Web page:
Ballot cloggers: Couric's bill leads amendments

It's a pretty serious matter to change the state constitution, and unwitting Virginia voters will be asked to do just that when they go to the polls November 2.

Unwitting because the presidential election has so dominated the media that many voters will be surprised to see two arcane amendments on the ballot when they step behind the curtain. The additional choices may confuse– and certainly slow– the hordes of eager voters on Election Day who have to try to figure out what the heck these two amendments are about.

"Both are very difficult to understand," says Charlottesville Registrar Sheri Iachetta. "They haven't been well publicized."

Proposed amendment number one deals with– yawn– apportionment, and it's written in eye-glazing legalese.

Dubbed variously "Emily's Amendment" or the "Creigh Deeds Bill," it aims to address a situation that can occur once every 10 years when the state is redistricted in the wake of the census. The problem came up in 2001 when Deeds ran for the late Emily Couric's seat, only to find it had been redistricted. "It leaves people disenfranchised," says Deeds.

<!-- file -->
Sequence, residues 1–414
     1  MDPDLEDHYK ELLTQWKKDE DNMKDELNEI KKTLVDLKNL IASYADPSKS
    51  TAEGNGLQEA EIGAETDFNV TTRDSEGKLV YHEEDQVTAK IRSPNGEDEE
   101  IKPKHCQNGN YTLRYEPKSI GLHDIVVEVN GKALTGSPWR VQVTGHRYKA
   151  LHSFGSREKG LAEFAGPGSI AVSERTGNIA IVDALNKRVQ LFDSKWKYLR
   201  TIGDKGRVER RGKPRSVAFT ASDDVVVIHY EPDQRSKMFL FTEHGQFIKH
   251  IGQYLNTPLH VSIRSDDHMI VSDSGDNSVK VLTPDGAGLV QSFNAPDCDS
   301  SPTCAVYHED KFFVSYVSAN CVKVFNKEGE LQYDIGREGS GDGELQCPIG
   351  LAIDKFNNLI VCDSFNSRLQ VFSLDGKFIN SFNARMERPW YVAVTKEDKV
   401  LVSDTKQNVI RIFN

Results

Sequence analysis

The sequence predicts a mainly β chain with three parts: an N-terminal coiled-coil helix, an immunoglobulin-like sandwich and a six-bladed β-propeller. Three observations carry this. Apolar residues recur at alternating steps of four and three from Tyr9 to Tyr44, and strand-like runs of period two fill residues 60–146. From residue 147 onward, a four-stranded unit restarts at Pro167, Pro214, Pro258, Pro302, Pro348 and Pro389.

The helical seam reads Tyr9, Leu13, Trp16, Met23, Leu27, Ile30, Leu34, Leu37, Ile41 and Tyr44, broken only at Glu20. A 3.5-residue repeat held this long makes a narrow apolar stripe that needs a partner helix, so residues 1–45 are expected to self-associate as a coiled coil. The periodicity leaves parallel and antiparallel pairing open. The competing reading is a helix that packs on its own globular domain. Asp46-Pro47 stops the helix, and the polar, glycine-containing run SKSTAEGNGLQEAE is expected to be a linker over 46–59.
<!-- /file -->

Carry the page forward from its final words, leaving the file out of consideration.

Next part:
Even Republican Rob Bell calls the amendment a good idea. "Greene County got taken out of Emily Couric's 25th District and didn't have an elected representative until the next election," he says.

The other amendment lengthens the line of succession in the event of a sweeping catastrophe that wipes out the governor, lieutenant governor, the attorney general, and the speaker of the House.

Delegate Mitch Van Yahres fully concedes it's reactionary– but says it's necessary in the post 9/11 world.

And Bell says, "In the event of a catastrophic event, someone has to pick up the line of succession."

The succession amendment actually has drawn some opposition. "Perhaps it's a bit of an alarmist measure," says Jefferson Area Libertarian chair Arin Sime. "I see no reason we can't count on the General Assembly to convene."

The amendment adds three new positions to the line of succession– the person designated by the House of Delegates to succeed the speaker, the president pro tempore of the Senate, and the majority leader of the Senate.

Sime believes that makes the interim governor less accountable. "During a terrorist situation, I'd want a strong leader, not some mid-level delegate who's jury-rigged his name into 12th on the list."

As for the voters, they're likely to pass the amendments whether they understand them or not. "Usually there's no problem passing constitutional amendments," notes Van Yahres.